Magazine article The American Conservative

The First Dystopia: Science Fiction Begins with Bulwer-Lytton's Attack on Egalitarianism

Magazine article The American Conservative

The First Dystopia: Science Fiction Begins with Bulwer-Lytton's Attack on Egalitarianism

Article excerpt

Science fiction has flooded television and Hollywood in recent decades. Our pop culture has been completely saturated by it--and it has often played a key role in our cultural and political commentary. Films and novels such as Christopher Nolan's The Dark Knight or Suzanne Collins's The Hunger Games touch upon issues ranging from the War on Terror to the Occupy Wall Street movement.

Yet while left-leaning science-fiction writers and directors tend to be explicit in their political allegiances, we rarely see a display of right-wing credentials in the genre. This may be understandable, given the entrenched liberal culture of Hollywood. But considering the roots of science fiction, such silence is unfortunate. After all, one of science fiction's founding fathers was a 19th-century conservative named Edward Bulwer-Lytton.

An eminent novelist, playwright, poet, and politician in Victorian Britain, Bulwer-Lytton has been largely neglected since his death in 1873. People remember the phrases he coined--such as "it was a dark and stormy night" or "the pen is mightier than the sword"--but not the man himself. His single contribution to the science-fiction genre, The Coming Race, came in the twilight of his life after an already long and prestigious career. But then, there really was no "science-fiction genre" when The Coming Race appeared, which is what makes this book remarkable--it prefigures many of the themes that have since come to define a rather large part of our popular culture.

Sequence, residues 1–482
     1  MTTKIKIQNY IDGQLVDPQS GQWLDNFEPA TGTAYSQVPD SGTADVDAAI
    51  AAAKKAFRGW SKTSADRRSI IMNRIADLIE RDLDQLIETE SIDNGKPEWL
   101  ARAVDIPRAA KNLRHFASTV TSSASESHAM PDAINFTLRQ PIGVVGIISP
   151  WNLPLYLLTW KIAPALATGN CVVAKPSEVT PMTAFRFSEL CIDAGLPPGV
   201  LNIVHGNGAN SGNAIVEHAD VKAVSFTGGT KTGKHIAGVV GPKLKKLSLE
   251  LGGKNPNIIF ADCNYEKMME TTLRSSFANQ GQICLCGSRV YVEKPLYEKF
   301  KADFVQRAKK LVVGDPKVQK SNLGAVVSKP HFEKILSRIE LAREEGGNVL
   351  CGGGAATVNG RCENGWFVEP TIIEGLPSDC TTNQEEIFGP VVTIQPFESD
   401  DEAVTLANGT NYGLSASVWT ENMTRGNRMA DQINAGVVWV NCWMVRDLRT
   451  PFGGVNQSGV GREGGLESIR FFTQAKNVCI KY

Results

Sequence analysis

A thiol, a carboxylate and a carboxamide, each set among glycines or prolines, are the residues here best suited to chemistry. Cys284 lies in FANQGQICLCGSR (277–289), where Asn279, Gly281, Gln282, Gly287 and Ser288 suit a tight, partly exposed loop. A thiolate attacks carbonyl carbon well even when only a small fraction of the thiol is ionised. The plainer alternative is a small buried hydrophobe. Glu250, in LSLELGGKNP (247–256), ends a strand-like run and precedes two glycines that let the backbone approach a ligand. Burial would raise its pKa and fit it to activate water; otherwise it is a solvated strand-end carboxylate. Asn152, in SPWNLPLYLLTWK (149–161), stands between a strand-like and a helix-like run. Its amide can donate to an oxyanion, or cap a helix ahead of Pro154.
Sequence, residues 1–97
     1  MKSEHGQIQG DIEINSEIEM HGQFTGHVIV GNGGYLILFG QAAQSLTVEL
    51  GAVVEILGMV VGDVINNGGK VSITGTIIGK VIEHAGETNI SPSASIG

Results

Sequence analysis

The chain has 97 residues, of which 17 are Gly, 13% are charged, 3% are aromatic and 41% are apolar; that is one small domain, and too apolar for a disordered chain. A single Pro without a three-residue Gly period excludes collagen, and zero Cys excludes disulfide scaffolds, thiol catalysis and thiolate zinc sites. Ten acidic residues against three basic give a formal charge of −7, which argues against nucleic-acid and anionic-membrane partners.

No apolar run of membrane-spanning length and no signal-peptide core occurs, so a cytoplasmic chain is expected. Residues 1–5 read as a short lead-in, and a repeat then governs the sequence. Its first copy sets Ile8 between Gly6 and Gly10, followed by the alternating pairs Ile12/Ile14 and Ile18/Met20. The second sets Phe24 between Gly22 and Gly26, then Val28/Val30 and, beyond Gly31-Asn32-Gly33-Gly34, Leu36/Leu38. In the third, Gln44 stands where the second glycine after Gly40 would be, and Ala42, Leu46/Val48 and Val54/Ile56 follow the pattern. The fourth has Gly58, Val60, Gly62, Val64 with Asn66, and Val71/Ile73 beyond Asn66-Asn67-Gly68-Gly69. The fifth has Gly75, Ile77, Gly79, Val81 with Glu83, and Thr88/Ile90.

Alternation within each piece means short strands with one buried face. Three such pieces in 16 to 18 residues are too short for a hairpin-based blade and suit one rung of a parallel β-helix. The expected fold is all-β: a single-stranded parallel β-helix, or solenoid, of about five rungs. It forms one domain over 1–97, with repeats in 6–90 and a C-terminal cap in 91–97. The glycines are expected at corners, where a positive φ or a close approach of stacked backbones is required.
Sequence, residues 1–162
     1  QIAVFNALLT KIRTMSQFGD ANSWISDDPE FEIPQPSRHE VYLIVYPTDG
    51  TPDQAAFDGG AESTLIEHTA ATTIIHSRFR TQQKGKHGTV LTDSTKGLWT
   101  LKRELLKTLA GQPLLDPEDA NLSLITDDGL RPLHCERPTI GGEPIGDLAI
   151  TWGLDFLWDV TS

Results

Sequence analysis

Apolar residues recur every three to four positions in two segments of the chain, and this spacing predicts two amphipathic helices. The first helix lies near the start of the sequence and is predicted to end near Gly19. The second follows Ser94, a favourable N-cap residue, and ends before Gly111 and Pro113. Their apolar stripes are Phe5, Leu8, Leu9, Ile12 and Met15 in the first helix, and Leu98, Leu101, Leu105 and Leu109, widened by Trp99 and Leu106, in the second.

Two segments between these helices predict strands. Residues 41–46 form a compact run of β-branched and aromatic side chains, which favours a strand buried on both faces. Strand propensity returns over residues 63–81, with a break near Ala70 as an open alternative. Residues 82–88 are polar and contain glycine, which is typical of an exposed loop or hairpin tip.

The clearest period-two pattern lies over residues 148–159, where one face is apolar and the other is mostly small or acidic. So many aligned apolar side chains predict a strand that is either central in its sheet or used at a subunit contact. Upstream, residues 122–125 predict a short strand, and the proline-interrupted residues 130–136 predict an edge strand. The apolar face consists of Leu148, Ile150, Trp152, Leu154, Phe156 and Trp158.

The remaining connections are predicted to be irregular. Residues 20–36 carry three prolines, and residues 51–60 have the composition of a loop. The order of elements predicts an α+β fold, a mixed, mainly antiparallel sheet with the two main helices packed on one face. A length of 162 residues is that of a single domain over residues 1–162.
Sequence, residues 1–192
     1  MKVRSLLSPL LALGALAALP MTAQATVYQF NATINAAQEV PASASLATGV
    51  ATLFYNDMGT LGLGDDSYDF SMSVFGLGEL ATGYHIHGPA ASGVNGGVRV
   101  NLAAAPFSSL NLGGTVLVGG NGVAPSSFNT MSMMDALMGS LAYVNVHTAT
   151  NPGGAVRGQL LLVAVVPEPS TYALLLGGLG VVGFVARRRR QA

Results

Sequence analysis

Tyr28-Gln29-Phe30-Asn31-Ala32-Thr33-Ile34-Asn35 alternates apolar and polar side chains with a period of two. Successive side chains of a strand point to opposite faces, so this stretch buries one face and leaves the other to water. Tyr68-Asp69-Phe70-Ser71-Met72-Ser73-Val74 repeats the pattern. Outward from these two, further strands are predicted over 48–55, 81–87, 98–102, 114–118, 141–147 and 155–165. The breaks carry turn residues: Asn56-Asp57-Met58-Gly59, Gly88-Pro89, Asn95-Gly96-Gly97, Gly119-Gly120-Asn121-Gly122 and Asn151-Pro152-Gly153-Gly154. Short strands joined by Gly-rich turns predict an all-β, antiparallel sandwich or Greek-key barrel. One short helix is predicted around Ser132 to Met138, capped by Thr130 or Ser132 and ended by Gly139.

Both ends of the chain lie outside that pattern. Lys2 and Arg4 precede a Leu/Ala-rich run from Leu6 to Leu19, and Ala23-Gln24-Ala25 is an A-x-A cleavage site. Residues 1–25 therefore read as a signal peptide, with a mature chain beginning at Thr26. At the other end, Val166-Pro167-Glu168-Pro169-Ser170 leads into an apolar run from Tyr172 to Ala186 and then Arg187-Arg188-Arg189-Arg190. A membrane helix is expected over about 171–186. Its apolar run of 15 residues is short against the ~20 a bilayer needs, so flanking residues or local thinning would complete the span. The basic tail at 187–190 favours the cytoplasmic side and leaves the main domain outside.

In the 1830s, early in his career, Bulwer-Lytton was a Radical novelist and dandy of aristocratic birth, prone to bouts of melancholia, with a strong penchant for Byron. Along with his friend Benjamin Disraeli, also a Radical novelist at the time, Bulwer-Lytton enjoyed the glamour and gossip of London high society. He wrote several novels about English society--from Pelham, which recounted the life of a society dandy and aspiring politician, to the criminal underbelly portrayed in his Newgate novels, which recounted the adventures of highwaymen and murderers. This eye for Britain's social and cultural life was a defining feature of Bulwer-Lytton's style and work.

Following the death of his mother in 1843, Bulwer-Lytton inherited the family title and estate. It gave him a new purpose and responsibility: the dandy of the 1830s was gone. By the 1840s, he had become a moderate Whig and a serious Victorian gentleman. Bulwer-Lytton was a committed protectionist, however, and grew increasingly disillusioned with his fellow Whigs. He eventually joined the Conservative Party in 1852, a defection facilitated by his friendship with Disraeli. This was a counterintuitive move for a rising star in Parliament: for the next two decades, the Conservatives would languish in opposition, with only brief attempts at governing. During these years, Bulwer-Lytton was Disraeli's ally in the House of Commons.

By 1871, Bulwer-Lytton was an aged, deaf, and increasingly sick man. Years of political opposition had prevented him from ascending to the heights of political office. The world was also a very different place: as a young man Bulwer-Lytton had fought tooth and nail to prevent the rise of free trade and the growth of democracy, both of which he saw as destructive forces and vehicles for class warfare. But both had come to pass with repeal of the Corn Laws in 1846 and the Second Reform Act in 1867. Britain was no longer an exclusively agricultural, Anglican, and hierarchical society, but rather an increasingly industrialized, pluralistic, and democratic one.

It would have been easy for Bulwer-Lytton to resign himself to the fact that the political battles which had defined so much of his life were lost. Instead he published The Coming Race, anonymously, in 1871. The novel addressed new dangers he feared would await Britain through the allegorical story of a subterranean master race called the Vril-ya, whose strange abilities were made possible by the immense power of an energy source called Vril. …

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